Unfortunately the DRM is a bit of a kiljoy here, as Firefox & Safari will not play the media content, however this isn't obvious to start with, as the service does state that the browsers need an extra plugin. Downloading this makes no difference, and I was still asked for a plugin to be installed. I actually mailed Five about this, and the did replay saying they would be moving to a flash based delivery system in the new year.

Ubuntu 8.10
Firefox, much like the mac, this is a no go area, DRM again.. ouch..

Thoughts

Iplayer does indeed show what is possible with media delivery, across multiple platforms, and the sheer amount of free content, both Video and Audio, displays BBC's commitment to this delivry method. They have always been at the forefront of electronic program delivery, with News 24 being available live for a long time streamed from the website, as have programs such as Click and Panorama. However the lack of need for DRM plugins, shows what can be done with a little foreplanning, and thought.

This thought seems to be lacking with the other channels offerings, using browser plugins, and requirements, which don't offer a service to all thier customers. Admittedly, this is not necesserily the fault of the providers, as there are so many options for streaming available, however, its not hard to see that the cross compatibility, an ease of install of the Flash platform, does put it head and shoulders above the rest.

However when it comes to distributing your content in this way, this could lead to a big problem for the BBC, which is funded by the TV Licence fee, as the TV Licence is defined "as a licence needed to receive radio signals on an electronic receiver." Its a bit hard to charge for this, if people are watching online. The BBC may eventually have to look at how it funds the distribution of its content. There is an argument that as we have to pay for this content anyway, it should alwyas be free. However with computer systems and Media PC's slowly creeping into the living room, and most larg screen TV's having VGA connectors, you are not actually receiving any radio signals...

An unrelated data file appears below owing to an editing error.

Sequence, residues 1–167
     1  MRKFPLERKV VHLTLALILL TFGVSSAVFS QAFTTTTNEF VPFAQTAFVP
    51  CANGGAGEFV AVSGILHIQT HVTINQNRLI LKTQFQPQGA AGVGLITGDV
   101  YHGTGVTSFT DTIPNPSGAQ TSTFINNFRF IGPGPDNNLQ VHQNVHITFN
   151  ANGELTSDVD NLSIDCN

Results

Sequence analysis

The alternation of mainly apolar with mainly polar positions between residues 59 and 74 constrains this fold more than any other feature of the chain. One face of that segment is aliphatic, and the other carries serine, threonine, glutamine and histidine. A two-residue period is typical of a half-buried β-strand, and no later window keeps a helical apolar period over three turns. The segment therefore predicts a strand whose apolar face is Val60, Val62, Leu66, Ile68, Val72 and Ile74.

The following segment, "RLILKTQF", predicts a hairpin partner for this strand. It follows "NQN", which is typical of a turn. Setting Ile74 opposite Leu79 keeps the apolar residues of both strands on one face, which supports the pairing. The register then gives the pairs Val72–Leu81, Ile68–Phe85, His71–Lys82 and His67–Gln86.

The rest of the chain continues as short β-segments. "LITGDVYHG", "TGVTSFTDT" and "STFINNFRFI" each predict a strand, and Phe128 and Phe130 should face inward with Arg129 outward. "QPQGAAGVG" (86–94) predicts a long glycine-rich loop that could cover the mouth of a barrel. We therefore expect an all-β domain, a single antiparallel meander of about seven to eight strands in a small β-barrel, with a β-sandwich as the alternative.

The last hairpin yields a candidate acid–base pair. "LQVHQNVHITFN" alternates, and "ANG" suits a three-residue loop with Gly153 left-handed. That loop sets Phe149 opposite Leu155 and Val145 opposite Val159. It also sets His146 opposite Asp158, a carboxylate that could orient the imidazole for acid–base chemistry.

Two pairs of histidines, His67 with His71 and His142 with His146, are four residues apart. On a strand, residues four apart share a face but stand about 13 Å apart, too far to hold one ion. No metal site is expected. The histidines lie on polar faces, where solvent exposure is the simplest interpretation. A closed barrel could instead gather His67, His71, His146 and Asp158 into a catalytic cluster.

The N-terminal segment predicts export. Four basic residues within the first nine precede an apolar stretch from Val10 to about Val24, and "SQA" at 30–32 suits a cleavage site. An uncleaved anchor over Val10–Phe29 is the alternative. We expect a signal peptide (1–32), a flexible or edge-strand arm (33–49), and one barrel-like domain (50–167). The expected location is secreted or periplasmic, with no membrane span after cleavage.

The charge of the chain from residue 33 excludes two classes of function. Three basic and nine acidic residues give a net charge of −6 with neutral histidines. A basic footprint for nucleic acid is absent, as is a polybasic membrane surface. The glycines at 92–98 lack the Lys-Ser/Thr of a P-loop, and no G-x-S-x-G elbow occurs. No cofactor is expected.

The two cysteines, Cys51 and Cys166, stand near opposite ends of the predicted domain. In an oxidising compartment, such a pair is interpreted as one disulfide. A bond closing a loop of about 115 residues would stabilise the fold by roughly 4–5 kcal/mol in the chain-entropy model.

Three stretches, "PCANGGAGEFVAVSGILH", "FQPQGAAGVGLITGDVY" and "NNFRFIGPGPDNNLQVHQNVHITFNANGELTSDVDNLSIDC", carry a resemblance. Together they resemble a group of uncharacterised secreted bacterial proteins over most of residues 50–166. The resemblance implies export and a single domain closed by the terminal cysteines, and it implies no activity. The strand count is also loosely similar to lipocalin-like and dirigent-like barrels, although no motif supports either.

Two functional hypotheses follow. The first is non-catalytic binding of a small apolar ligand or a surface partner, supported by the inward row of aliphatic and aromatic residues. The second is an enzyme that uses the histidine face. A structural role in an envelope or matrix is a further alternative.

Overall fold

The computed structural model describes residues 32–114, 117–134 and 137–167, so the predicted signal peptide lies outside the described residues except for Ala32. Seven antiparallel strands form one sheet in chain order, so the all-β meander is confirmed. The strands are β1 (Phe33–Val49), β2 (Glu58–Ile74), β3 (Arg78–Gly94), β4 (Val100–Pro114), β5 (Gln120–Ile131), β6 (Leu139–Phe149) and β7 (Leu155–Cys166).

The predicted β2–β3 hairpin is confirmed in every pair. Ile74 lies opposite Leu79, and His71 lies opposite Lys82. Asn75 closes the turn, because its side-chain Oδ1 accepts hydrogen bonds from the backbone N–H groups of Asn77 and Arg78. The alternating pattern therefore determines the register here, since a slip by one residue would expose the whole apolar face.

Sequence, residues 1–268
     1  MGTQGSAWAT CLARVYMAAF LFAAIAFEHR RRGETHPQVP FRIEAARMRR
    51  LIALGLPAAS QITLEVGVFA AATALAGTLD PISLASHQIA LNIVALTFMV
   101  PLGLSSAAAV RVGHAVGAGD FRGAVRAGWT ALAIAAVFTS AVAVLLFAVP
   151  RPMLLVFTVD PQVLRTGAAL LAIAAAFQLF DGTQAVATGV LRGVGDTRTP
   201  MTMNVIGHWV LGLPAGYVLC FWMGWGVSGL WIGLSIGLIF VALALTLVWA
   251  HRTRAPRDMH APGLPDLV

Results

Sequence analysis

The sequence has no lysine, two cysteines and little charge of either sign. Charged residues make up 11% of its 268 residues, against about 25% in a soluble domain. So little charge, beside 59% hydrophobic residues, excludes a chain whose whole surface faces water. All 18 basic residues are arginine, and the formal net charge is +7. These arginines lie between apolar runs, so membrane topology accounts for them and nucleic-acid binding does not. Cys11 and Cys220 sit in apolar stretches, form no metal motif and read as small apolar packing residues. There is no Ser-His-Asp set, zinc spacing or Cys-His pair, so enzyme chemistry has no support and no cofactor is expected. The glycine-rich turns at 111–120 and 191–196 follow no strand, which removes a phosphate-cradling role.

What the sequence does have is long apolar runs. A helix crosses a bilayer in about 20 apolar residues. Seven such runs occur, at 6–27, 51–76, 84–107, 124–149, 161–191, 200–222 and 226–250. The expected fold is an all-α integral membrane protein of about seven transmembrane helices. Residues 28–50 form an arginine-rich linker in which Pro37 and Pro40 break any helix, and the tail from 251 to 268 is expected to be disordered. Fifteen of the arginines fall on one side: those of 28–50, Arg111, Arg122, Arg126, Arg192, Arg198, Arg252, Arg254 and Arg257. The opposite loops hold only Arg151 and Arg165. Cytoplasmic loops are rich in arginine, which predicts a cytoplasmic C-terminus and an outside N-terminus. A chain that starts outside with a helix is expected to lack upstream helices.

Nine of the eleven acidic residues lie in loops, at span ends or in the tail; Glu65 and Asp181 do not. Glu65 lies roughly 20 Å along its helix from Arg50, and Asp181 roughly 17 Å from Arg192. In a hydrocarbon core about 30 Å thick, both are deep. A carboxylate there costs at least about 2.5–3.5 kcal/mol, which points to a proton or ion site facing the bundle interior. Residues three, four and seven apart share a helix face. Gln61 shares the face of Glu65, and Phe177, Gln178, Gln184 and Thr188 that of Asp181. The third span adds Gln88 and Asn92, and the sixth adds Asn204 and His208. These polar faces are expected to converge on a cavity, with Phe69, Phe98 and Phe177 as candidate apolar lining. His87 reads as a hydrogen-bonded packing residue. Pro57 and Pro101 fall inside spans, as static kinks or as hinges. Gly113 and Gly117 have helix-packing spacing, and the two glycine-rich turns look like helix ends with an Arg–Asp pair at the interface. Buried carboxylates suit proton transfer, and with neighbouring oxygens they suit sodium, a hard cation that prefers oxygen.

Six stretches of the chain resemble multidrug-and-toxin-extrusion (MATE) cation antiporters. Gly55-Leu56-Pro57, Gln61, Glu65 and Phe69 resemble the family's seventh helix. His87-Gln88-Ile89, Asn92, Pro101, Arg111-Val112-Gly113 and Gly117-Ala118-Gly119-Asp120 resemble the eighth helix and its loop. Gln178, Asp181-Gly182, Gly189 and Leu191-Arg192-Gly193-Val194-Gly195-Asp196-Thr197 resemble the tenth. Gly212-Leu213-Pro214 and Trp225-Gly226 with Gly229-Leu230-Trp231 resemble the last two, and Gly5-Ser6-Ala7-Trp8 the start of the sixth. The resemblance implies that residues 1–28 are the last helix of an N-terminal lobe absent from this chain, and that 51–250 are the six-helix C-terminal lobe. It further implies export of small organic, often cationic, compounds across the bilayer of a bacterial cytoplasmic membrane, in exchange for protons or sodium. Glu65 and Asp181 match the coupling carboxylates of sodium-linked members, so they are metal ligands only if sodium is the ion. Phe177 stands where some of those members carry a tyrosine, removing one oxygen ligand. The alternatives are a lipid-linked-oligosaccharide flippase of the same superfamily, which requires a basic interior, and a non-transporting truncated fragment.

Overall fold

So what about the others?

The ITV offering has improved, however with the lack of a Linux version of Microsofts Silverlight, is a personal issue, and that really goes for the other two as well, there is a HUGE userbase for non Windows based OS's and nod just on PC platforms, the mobile phone as a convergence devices.

Channel4, and Five offer what can only be considered locked down propritory system, limiting thier content to Windows IE only users. Which does indeed cover a large chunk of the market place, however, not everyone..

The issue most of the providers of this content will have is the matter of funding and licenced content, we watch TV from many countries in the UK, and geting this placed online is hard, as contracts have to be signed, and profit made. However the BBC have managed this free of charge with the Heroes Season 3, so deals can be made for content. I dont see advertising on the front of programs, as being a major issue, as long as they are not too long, with the commercial channels, the lack of advertising revenue every 15 minutes during a program, needs to be managed, and recovered, as i know many people ho only watch thier TV online....

Alternatives

So are there alternatives out there? you bet there are, for Windows & Mac users the iplayer content can be watched on iTunes, and live TV can be watched for all the above channels using Zattoo, or downloaded from Torrents using Ted. None of them have made the move to Joost or Miro yet.